book bans

anonymous asked:

Hey, I've been following the whole problematic books issue, and I want to know what you think about high school required reading? For example, should Huck Finn be be removed and replaced with something by a POC? Or do you think that reading a problematic book like that is a way to give students a supervised encounter with racism, white privilege, etc. and the tools to identify and critically think about those problems?

This is a really interesting question that brings forth a lot of varying arguments.

  1. High school curriculum is very, very white. What we consider to be classics are only such because of colonialism and white supremacy. Books by straight, white males have always been held in higher esteem than books by women or people of color, 
  2. So while I don’t believe those books should be banned or pulled outright, I do believe that educators should make a commitment to teaching more diverse titles. If they want to cover a certain issue, they should try to choose books that represent that issue accurately.
  3. IF a school decides to teach a book like Huck Finn or To Kill A Mockingbird, a section of that study should be a conversation about how these books about black lives are viewed through the lens of the white gaze, and readings by black writers of the time should be taught in tandem. That way the educator can present a fully well-rounded and developed view of the book with context.
  4. In addition, the problematic aspects of the books should be discussed at length within the unit. Instead of these books being taught as infallible pillars of classic literature, we should know the social history behind the author as well as the context of the time they were written.

Monday 8:27am
I woke up with you on my mind.
You called me babe last night —
my heart is still pounding.

Tuesday 10:53pm
Today I realized we won’t work.
What we are is hurting her.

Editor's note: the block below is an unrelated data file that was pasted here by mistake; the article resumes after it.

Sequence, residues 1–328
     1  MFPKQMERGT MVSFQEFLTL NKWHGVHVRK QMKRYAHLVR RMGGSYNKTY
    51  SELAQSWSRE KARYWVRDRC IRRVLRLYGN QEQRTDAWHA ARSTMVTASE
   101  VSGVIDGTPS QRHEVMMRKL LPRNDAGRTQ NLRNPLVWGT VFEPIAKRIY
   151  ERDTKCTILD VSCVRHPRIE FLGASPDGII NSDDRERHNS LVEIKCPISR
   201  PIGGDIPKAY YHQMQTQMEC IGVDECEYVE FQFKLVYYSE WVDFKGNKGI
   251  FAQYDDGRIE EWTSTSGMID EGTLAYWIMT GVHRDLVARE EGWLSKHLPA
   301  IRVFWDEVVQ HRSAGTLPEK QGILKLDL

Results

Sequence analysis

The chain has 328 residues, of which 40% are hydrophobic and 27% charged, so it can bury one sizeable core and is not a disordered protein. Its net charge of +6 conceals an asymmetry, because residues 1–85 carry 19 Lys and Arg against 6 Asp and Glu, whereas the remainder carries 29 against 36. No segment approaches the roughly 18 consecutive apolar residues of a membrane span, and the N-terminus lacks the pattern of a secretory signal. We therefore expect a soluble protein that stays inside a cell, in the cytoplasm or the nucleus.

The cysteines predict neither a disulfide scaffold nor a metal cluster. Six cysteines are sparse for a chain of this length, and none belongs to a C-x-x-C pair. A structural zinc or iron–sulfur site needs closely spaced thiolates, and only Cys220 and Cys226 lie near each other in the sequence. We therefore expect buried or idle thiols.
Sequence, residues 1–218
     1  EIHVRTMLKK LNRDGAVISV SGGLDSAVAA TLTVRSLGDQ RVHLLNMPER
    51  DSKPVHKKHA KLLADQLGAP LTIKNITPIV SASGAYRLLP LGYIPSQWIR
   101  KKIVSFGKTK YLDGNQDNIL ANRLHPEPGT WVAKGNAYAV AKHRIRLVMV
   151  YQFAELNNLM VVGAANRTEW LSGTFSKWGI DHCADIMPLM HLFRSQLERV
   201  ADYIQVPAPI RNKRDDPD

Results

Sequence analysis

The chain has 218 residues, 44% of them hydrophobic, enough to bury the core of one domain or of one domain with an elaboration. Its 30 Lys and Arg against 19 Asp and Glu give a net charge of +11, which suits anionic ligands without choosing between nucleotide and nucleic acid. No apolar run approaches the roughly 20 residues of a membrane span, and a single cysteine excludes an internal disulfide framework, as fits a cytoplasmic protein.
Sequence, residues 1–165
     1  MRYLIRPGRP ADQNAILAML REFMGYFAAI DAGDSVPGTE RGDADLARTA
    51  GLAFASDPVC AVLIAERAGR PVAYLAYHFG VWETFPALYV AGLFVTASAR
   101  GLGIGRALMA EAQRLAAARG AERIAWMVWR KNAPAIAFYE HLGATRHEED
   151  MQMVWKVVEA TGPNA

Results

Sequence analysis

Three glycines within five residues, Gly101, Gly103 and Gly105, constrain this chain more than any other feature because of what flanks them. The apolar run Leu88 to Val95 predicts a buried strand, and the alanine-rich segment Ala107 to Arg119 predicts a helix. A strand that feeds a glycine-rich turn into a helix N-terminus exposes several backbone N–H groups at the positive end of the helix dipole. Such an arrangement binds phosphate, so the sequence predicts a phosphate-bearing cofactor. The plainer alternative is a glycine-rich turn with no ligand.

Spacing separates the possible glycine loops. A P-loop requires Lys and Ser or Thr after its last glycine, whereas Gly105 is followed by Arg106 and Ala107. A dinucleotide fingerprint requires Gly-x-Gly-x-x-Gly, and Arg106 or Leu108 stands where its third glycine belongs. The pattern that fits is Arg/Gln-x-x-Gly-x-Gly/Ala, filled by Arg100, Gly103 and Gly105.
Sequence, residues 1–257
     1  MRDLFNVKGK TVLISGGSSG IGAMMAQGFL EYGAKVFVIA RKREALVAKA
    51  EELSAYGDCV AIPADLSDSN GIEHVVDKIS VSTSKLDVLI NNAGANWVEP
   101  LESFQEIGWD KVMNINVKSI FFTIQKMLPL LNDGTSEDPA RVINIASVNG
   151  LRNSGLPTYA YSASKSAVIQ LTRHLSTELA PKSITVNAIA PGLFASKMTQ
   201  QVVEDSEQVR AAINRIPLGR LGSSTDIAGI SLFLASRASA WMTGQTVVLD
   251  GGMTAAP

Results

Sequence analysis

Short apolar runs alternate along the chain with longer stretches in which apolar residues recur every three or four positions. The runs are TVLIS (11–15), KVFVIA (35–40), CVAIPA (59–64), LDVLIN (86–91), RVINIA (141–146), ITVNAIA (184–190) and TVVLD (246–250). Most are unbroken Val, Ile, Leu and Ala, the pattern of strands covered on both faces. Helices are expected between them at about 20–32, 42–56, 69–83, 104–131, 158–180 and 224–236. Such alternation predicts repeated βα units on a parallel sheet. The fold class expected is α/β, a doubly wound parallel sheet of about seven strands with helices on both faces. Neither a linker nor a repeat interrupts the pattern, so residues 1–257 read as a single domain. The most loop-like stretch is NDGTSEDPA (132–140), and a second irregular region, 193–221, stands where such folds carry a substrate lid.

And I think she matters more to me than you do.

Wednesday 11:52pm
I broke things off with you today.
She barely said a word.
I’ve never regretted anything more than this.

Thursday 4:03pm
I shouldn’t have sent that message.
You shouldn’t have been so okay with receiving it.

Friday 9:57pm
I almost messaged you today.
I didn’t.

Saturday 8:49pm
I’m walking around town in search of alcohol.
They say that liquor numbs the pain of having a broken heart.
I want to put that to the test.

Sunday 2:32am
I heard you texted a girl you’ve never spoken to before.
I wonder if it’s because you’re trying to replace me.
I can’t help but wish you weren’t.
I thought I was irreplaceable.

—  a week with you on my mind, c.j.n.
Move on, leave, run away, escape this place… but don’t forget about me, about us, about this town. Always remember where you come from so you can appreciate how far you’ve come.
—  c.j.n.
You claim to love her, inside and out, but the only time you call her beautiful is when it’s 3 in the morning and I’ve already turned you down.
—  girls tell each other everything, c.j.n.
We throw around the word never likes its nothing but a small rose petal. The word never is a doubled edged sword. On one side it says ‘I will never leave you’ and on the other it says ‘I will never love you.’
—  The Word Never